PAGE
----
While cost gaps can't be eliminated, certainly some advertisers would see no reason why Overture needs to indicate the maximum amount they are willing to pay. If the actual cost paid were shown, rather than max bid, it might prevent prices from being pushed upward.
For instance, go back to Example 2:
1 - $0.18 2 - $0.13 3 - $0.05
If everyone could see these actual prices being paid, then the advertisers "above" might more easily understand that they could adjust their "max bids" so that they could still maintain their positions while paying less. For example, the number two advertiser might realize that they could drop to $0.06. Then the top advertiser would also drop to $0.07, and the pressure to increase bids would be relieved.
Well, maybe not. Let's say the top two advertisers do make this manual adjustment, because they get the ability to easily see the actual costs paid. They go to fixed bids, while the third advertiser says on auto-bid. The line-up then becomes:
1 - $0.08 (original number 3) 2 - $0.07 (original number 1) 3 - $0.06 (original number 2)
Certainly there's a price savings. However, this will only be maintained assuming all the advertisers decide not to keep bidding against each other. But if the old number one thought being listed tops was originally worth paying $0.22 max, then they are likely to up their bid again -- and so on down the line. It's hard to know whether seeing actual costs paid would really make a difference.
I did ask Overture whether it had considered listing actual costs paid, instead of max bids, or both. The answer was that all variations had been tried, but that advertisers tested in focus groups found the alternatives to be confusing. Once the focus group people understood the concept of auto bidding and max bids, it made more sense to them to see max bids.
Another concern that some people may have is that auto-bidding will push prices up. No doubt this will happen in the short term. However, I think in the long-term, we'll see the gaps between "max bids" become smaller. When this happens, it will be easier for people to drop their max bids down in the way that old style bid costs get adjusted. This might bring prices back down.
By the way, Overture said that so far, the vast majority of people are still using old-style "fixed" bids. The company is expecting this will change over time, though it doesn't predict how quickly that will happen or what the ultimate take up will be.
A last major concern I've been hearing is the idea of hurting advertisers who try to come in and dominate a term with a $50 bid, the maximum that Overture will allow. Some advertisers have done this, realizing that they will pay far less, because Overture will discount their bid to only one cent higher than their next competitor. Then you've had some smart competitors deciding to up their max bids to $49.99, causing that $50 person to really get hit with a huge bill while the second-place person avoid such charges because what they pay is in reality only one cent higher than the third place person.
Overture is aware of "isolated" incidents where this has happened but expects it will go away. I'd agree that it should settle out over time. Advertisers should quickly learn that playing games like bidding more than they can afford can backfire with huge costs. But if this doesn't change, then hopefully Overture will step in to ensure somehow that an advertiser is not dominating a term with an absurdly high bid.
In some other news, Overture did not roll out the ability to bid for a specific position as part of the new auto-bidding tools, because though it is a demand, relatively few advertisers are requesting it. It was deemed too complicated to bring out along with the other changes.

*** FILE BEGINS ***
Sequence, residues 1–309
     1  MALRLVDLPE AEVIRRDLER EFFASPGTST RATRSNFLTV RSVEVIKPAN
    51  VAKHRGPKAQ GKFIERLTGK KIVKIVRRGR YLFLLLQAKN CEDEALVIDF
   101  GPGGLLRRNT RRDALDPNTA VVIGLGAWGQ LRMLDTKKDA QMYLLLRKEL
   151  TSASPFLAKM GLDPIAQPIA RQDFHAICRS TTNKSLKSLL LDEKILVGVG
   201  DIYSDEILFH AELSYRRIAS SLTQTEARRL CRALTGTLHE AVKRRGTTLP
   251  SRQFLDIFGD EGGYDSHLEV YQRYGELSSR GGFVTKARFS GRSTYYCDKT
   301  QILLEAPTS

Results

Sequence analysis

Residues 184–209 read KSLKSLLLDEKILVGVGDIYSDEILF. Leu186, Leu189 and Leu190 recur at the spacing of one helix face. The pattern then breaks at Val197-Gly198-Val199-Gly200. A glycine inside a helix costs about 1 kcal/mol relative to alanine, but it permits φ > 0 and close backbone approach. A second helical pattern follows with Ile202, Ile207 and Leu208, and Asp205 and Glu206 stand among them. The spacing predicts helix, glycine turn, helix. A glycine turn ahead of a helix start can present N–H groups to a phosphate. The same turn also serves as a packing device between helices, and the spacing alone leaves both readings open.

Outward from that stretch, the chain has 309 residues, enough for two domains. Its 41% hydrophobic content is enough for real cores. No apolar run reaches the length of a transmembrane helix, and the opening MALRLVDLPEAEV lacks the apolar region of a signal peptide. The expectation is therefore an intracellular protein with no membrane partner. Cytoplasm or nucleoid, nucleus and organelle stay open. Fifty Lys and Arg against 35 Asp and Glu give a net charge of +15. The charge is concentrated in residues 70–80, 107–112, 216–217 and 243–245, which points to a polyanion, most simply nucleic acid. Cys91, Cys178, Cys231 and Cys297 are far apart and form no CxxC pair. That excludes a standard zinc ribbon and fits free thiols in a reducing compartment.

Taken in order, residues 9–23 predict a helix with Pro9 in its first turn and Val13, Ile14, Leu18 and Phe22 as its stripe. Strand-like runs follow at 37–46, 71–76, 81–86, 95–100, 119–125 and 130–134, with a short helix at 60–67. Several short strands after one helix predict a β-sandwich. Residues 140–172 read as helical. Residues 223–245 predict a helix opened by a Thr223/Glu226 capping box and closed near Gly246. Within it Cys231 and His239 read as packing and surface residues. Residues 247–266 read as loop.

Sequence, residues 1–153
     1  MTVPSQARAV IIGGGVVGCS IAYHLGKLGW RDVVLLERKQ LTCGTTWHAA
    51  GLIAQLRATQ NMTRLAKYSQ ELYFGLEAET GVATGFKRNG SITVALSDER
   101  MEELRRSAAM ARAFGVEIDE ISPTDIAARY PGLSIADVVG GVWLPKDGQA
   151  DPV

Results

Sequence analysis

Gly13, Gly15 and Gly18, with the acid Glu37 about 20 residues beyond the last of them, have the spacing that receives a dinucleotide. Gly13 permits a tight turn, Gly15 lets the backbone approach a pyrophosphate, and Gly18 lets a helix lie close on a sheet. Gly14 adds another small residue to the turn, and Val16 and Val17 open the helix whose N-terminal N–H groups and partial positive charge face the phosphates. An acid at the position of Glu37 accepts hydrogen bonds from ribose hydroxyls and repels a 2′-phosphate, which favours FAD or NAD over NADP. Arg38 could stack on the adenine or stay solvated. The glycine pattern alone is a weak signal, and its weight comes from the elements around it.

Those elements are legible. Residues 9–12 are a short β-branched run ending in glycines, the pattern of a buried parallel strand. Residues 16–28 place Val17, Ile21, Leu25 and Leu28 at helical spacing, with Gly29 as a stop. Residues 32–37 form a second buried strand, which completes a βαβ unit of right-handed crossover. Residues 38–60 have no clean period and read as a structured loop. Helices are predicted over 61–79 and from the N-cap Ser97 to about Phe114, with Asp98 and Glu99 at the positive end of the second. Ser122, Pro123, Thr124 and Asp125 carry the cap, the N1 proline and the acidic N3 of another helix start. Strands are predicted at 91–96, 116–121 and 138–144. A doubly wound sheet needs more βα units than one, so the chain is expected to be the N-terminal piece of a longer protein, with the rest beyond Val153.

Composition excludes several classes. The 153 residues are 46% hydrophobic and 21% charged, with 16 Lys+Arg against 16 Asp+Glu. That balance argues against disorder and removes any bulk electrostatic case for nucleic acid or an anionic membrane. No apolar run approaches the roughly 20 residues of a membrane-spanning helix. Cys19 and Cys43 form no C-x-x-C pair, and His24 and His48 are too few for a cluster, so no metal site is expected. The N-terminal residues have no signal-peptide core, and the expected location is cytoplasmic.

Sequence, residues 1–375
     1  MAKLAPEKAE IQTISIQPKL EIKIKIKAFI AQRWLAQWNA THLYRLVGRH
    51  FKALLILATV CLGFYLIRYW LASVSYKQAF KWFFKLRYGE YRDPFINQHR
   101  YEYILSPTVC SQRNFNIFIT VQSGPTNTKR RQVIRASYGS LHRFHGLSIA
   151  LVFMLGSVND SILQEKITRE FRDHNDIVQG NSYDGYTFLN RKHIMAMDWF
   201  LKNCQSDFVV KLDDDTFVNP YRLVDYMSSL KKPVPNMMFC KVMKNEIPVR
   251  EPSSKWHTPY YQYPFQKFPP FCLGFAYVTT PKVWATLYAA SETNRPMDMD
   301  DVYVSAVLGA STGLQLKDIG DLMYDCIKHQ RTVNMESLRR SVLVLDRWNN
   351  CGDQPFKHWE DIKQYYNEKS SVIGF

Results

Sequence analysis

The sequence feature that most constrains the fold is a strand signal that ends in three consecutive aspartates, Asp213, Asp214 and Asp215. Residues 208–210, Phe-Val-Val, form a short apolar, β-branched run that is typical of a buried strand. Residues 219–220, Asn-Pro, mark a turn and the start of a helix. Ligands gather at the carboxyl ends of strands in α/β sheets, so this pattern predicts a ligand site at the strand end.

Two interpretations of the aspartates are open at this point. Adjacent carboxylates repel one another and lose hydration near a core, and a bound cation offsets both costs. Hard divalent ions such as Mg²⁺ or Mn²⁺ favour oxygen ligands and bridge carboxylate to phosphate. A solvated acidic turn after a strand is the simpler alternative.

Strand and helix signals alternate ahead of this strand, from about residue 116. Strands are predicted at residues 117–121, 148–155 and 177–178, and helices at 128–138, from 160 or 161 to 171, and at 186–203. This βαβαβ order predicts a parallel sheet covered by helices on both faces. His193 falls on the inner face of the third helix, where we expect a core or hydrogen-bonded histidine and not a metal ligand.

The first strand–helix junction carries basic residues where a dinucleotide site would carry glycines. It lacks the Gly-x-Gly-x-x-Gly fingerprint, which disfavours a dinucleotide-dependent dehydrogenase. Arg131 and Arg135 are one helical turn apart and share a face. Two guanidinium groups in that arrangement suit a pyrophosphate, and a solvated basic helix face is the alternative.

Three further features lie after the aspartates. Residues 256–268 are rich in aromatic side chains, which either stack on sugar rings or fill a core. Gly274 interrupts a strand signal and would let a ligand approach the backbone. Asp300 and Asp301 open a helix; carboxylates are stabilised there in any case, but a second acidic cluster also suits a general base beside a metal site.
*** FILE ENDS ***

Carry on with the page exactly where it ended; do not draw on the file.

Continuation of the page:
Similarly, there's a demand by advertisers to be able to "pause" listings, put them on hold for a temporary period, then restart them when ready. This is something that could come in the future, but Overture wouldn't specify any time frame nor commit to it firmly.
Finally, it might make more sense than ever before to consider using a third-party bid management tool, ironically. This is because I suspect the makers of these tools will begin to better reverse-engineer the true costs that everyone is paying on Overture and try to deliver you both the best position and the best cost. Many of them also offer built-in ROI features, to help you better understand what you are spending.
Overture FAQ: Bidding
Q&A direct from Overture, on the new system
Overture Auto Bidding Tutorial
Pretty neat Flash-demo on how auto-bidding works. You can click on the little boxes under the tutorial, to restart a particular part. Takes about five minutes to watch.
Formerly called BidRight, BidRank has undergone some changes since I last summarized it. Here's a quick rundown. You can feed listings to Overture via XML. Bid changes can now be made up to 24 times per day, per keyword, rather than 6 times (this is true for other "authorized" Overture bid management tools, as well). It's also been suggested that using BidRank (and perhaps other authorized tools) means that your actual cost per click is shown in Overture's results, rather than the max you are willing to pay. BidRank Plus is a version with support for FindWhat, Kanoodle, Espotting, Ah-ha and Sprinks.
Another authorized bid management tool for Overture, the company acquired rival ClickPatrol.com last month. The tool features ROI tracking capabilities and recently added some support for Google Adwords.
Overture's AutoBid = Fool's Gold
WebmasterWorld.com, June 26, 2002
Reaction to the new tool, with the negatives focusing on the new gaps that have been created but not following through to understand that you can't have both cost gap reduction and auto-bidding combined.
New system allows you to hurt competition
SearchEngineForums.com, June 26, 2002
Covers issues about how high max bids could be used against you.
Letter From Australia
The Search Engine Update, June 17, 2002
Last issue, I wrote that we might see Yahoo.com carry ads from Overture's European sites despite the fact that Yahoo Europe has a partnership with Overture-rival Espotting. Now Yahoo.com has begun showing Overture UK ads to those from the UK accessing the site. Overture won't confirm that a deal has been arranged -- so it could be a test, or the press releases may simply not have been written yet.
Meet Your Favorite Search Engine Watch Contributors
Many of SEW's leading expert contributors will be at ClickZ Live, the new online and digital marketing event kicking off in New York (March 31-April 3). Hear from the likes of: Thom Craver, Josh Braaten, Lisa Barone, Simon Heseltine, Josh McCoy, Lisa Raehsler, Greg Jarboe, Dan Cristo, Joseph Kerschbaum, John Gagnon, Eric Enge and more!